Mark Ruffalo’s Directorial Debut, Sympathy for Delicious Needs More Magic, Less Magic DJ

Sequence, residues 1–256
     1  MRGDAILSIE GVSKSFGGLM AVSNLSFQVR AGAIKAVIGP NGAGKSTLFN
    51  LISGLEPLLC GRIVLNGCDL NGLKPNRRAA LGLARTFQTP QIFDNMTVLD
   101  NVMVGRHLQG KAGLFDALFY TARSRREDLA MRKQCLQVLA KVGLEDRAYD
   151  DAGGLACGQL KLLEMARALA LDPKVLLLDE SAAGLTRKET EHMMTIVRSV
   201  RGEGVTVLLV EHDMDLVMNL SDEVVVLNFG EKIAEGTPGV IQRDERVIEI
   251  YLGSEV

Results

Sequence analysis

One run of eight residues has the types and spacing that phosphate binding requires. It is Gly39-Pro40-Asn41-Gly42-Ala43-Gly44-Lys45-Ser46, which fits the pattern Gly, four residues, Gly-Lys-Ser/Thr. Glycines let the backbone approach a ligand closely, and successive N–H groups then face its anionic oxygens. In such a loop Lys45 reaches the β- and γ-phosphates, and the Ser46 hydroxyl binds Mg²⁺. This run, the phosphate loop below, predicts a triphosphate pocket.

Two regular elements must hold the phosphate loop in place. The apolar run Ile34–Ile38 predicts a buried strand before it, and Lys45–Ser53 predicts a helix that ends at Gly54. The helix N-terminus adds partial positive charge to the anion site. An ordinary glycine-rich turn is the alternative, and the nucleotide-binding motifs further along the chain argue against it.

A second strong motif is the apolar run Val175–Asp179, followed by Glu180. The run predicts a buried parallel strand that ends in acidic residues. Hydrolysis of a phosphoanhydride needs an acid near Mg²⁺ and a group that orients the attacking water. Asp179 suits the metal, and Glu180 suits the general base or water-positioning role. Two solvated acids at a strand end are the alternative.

An urban parable in the underlit indie tradition, Sympathy for Delicious treats sketchy, moribund storytelling as divine inspiration. First-time director Mark Ruffalo has assembled an exceptional cast—Juliette Lewis, Orlando Bloom, Laura Linney, um, Mark Ruffalo—to surround writer and star Christopher Thornton, but a script that favors incident over story and direction that crowds scenes instead of letting them breathe make for curiously rough going. Former hipster DJ Dean O’Dwyer (Thornton) is a paraplegic who frequents the skids of Los Angeles, hoping, along with everyone under the jurisdiction of street priest Father Roselli (Ruffalo), to be saved. Dean is prickly and obscure, a Greenberg with actual problems. But in this L.A., hurt people heal people, and soon Father Roselli is pimping out Dean’s magical, health-restoring hands—a neat trick discovered by accident, they help everyone but Dean—to fill the church coffer. Disillusioned, Dean joins a band fronted by Bloom in slinky, sexy Jesus mode, and helps turn the band’s club sets into revival meetings, with a fame-hungry healer as the central attraction. Without Lewis, who pockets the few scenes she’s in with her absurd, exotic-bird dignity and Quaalude drone, not even “Delicious D” can save the film from its anti-climactic moral reckoning.